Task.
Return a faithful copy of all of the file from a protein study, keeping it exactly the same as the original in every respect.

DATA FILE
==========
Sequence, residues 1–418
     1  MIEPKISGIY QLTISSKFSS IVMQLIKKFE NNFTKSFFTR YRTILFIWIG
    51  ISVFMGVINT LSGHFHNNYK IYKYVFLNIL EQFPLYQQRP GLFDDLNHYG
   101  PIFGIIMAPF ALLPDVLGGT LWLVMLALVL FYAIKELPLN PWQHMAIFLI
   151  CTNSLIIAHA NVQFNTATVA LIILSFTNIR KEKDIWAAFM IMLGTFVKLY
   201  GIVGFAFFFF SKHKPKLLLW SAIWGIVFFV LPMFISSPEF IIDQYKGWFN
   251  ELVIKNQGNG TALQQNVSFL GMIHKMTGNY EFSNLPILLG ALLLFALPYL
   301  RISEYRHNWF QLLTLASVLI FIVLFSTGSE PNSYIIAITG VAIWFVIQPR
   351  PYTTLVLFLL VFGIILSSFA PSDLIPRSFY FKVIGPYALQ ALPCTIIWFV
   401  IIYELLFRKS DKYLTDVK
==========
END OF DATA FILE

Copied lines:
Sequence, residues 1–418
     1  MIEPKISGIY QLTISSKFSS IVMQLIKKFE NNFTKSFFTR YRTILFIWIG
    51  ISVFMGVINT LSGHFHNNYK IYKYVFLNIL EQFPLYQQRP GLFDDLNHYG
   101  PIFGIIMAPF ALLPDVLGGT LWLVMLALVL FYAIKELPLN PWQHMAIFLI
   151  CTNSLIIAHA NVQFNTATVA LIILSFTNIR KEKDIWAAFM IMLGTFVKLY
   201  GIVGFAFFFF SKHKPKLLLW SAIWGIVFFV LPMFISSPEF IIDQYKGWFN
   251  ELVIKNQGNG TALQQNVSFL GMIHKMTGNY EFSNLPILLG ALLLFALPYL
   301  RISEYRHNWF QLLTLASVLI FIVLFSTGSE PNSYIIAITG VAIWFVIQPR
   351  PYTTLVLFLL VFGIILSSFA PSDLIPRSFY FKVIGPYALQ ALPCTIIWFV
   401  IIYELLFRKS DKYLTDVK